The thickness of the cortex and the overall compactness of the bone were measured in order to assess the robustness of the bones and to make inferences regarding lifestyle. The midshaft cortical thickness (k, expressed from 0 to 1 where cortical thickness is thickest when k tends towards 0, ) was recorded for all limb bones by measuring the ratio between the inner diameter and outer diameter of the bone. A bone compactness profile (defined as “the ratio between the surface occupied by bone tissues and the total bone surface”, : 337) was also obtained from the midshaft of each sectioned limb bone using the computer program Bone Profiler for Windows . This profile represents the ratio between the mineralized tissue surface and the total cross-sectional surface –. Compactness is higher towards a value of 1.
Welman et al.  reported the presence of Cynognathus Assemblage Zone (AZ) fossils from the lower Burgersdorp Formation of the northeastern and northwestern Free State. These authors also provided an initial faunal list that included the archosauriform Erythrosuchus, but this material is here identified as the new species of Garjainia described herein. Subsequent to the work of Welman et al. , the northern Burgersdorp Formation exposures have been the focus of various sedimentological and stratigraphic studies –, –.
Exposures of the lower Burgersdorp Formation in the northern Free State occur as discontinuous outcrops throughout, and to the east of the study area (Fig. 2). Four main localities have been investigated, with supplementary data from three additional localities, all these lying in Thabo Mofutsanyana district municipality. The main localities are located on the farms Driefontein 11, Gwarriekop 330, Boshoek and Fraaiuitsicht/Bosrand 12. Driefontein 11 is of particular importance because it is taxonomically the most diverse site within the northern Burgersdorp Formation exposures, and in fact within the entire Cynognathus AZ. The majority of the material of the new species reported here was collected from Driefontein 11, but one of the most complete specimens (BP/1/5525) was recovered from Gwarriekop 330 (also referred to as Ghwarriekop or Guarriekop 330), one of the sites listed by Welman et al. .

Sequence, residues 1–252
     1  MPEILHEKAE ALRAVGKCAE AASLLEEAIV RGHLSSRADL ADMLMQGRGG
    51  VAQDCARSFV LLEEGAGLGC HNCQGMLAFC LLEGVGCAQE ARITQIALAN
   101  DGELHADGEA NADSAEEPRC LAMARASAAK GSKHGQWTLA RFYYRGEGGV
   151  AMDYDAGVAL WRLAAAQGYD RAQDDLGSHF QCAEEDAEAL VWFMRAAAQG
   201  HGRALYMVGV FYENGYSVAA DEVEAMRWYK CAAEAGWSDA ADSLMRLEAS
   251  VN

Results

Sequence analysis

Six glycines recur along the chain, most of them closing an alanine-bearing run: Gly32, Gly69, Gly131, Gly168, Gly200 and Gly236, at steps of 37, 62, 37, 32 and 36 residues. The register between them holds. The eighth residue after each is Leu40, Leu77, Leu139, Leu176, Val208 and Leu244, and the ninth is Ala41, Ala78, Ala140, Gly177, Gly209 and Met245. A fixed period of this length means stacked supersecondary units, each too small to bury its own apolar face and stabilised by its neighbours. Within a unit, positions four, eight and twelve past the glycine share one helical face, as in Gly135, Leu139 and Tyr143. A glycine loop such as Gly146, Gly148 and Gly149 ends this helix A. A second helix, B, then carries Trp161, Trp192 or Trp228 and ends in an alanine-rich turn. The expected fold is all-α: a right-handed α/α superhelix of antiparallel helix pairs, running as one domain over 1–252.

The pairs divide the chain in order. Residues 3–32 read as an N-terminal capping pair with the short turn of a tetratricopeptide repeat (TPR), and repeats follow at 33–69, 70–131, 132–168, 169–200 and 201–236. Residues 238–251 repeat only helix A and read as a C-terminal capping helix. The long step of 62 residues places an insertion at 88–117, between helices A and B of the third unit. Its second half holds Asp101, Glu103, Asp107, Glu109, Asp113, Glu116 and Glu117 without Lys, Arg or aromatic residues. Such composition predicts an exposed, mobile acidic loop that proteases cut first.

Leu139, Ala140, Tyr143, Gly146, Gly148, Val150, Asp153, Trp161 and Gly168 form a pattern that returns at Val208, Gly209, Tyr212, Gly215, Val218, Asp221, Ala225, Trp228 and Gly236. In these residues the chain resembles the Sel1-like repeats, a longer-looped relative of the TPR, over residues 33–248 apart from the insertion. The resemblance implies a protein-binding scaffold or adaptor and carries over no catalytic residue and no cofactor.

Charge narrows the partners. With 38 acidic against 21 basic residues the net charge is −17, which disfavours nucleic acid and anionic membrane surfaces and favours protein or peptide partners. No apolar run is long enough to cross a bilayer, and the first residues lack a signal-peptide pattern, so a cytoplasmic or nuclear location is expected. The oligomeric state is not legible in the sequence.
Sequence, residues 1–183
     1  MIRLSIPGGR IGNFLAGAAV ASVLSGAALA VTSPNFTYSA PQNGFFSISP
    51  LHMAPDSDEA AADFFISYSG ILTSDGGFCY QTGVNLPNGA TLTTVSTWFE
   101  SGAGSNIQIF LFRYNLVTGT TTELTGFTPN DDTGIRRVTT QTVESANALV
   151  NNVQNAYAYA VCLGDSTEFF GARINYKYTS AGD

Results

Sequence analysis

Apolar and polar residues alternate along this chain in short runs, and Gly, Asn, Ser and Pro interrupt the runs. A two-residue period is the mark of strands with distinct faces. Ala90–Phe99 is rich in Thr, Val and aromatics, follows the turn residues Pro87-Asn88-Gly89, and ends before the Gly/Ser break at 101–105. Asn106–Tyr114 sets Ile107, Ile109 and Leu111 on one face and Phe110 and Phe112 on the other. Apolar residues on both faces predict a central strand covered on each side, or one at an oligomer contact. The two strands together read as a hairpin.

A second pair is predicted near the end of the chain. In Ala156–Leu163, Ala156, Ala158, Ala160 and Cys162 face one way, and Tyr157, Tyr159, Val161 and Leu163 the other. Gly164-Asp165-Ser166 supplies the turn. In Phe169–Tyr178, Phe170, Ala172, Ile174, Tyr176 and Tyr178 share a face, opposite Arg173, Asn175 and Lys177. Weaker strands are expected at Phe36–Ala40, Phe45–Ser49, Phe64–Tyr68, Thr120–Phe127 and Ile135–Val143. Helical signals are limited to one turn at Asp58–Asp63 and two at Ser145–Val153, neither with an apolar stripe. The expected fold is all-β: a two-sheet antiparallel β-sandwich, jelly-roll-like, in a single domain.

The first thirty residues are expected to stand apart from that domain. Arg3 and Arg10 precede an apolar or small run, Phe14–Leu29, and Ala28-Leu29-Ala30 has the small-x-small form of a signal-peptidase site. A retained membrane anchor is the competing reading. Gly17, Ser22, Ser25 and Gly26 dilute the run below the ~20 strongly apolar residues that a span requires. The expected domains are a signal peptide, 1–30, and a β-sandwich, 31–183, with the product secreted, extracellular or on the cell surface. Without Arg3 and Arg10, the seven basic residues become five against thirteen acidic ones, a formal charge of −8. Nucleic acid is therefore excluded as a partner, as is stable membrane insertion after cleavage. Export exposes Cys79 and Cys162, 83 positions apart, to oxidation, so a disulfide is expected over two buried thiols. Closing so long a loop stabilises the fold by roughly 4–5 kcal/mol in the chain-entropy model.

Localities indicated by stars in part B. Only the main (BP material) localities are indicated, other (NM material) localities lie a short distance to the east.
Stratigraphic sections for Driefontein, Gwarriekop, and Fraauitsicht are presented in Fig. 3. All three localities preserve a similar stratigraphy that can be divided into a lower, horizontally-laminated to massive, fines- (siltstones and mudstones) dominated unit, disconformably overlain by a more sandstone-rich middle succession, and an upper, fines-dominated unit. The lower, mudrock dominated unit is between 5–15 m thick, and is composed of dark reddish brown (10R 3/4) fines that are generally laminated to massive in nature. Although no articulated vertebrate fossil material has been discovered, this unit generally preserves the most complete and best-preserved specimens, usually as isolated elements (Fig. 4). It is interpreted as a lacustrine succession, with the total disarticulation of the specimens caused by bottom current activity. The holotype (BP/1/5760) was discovered at the top of this succession (Fig. 4).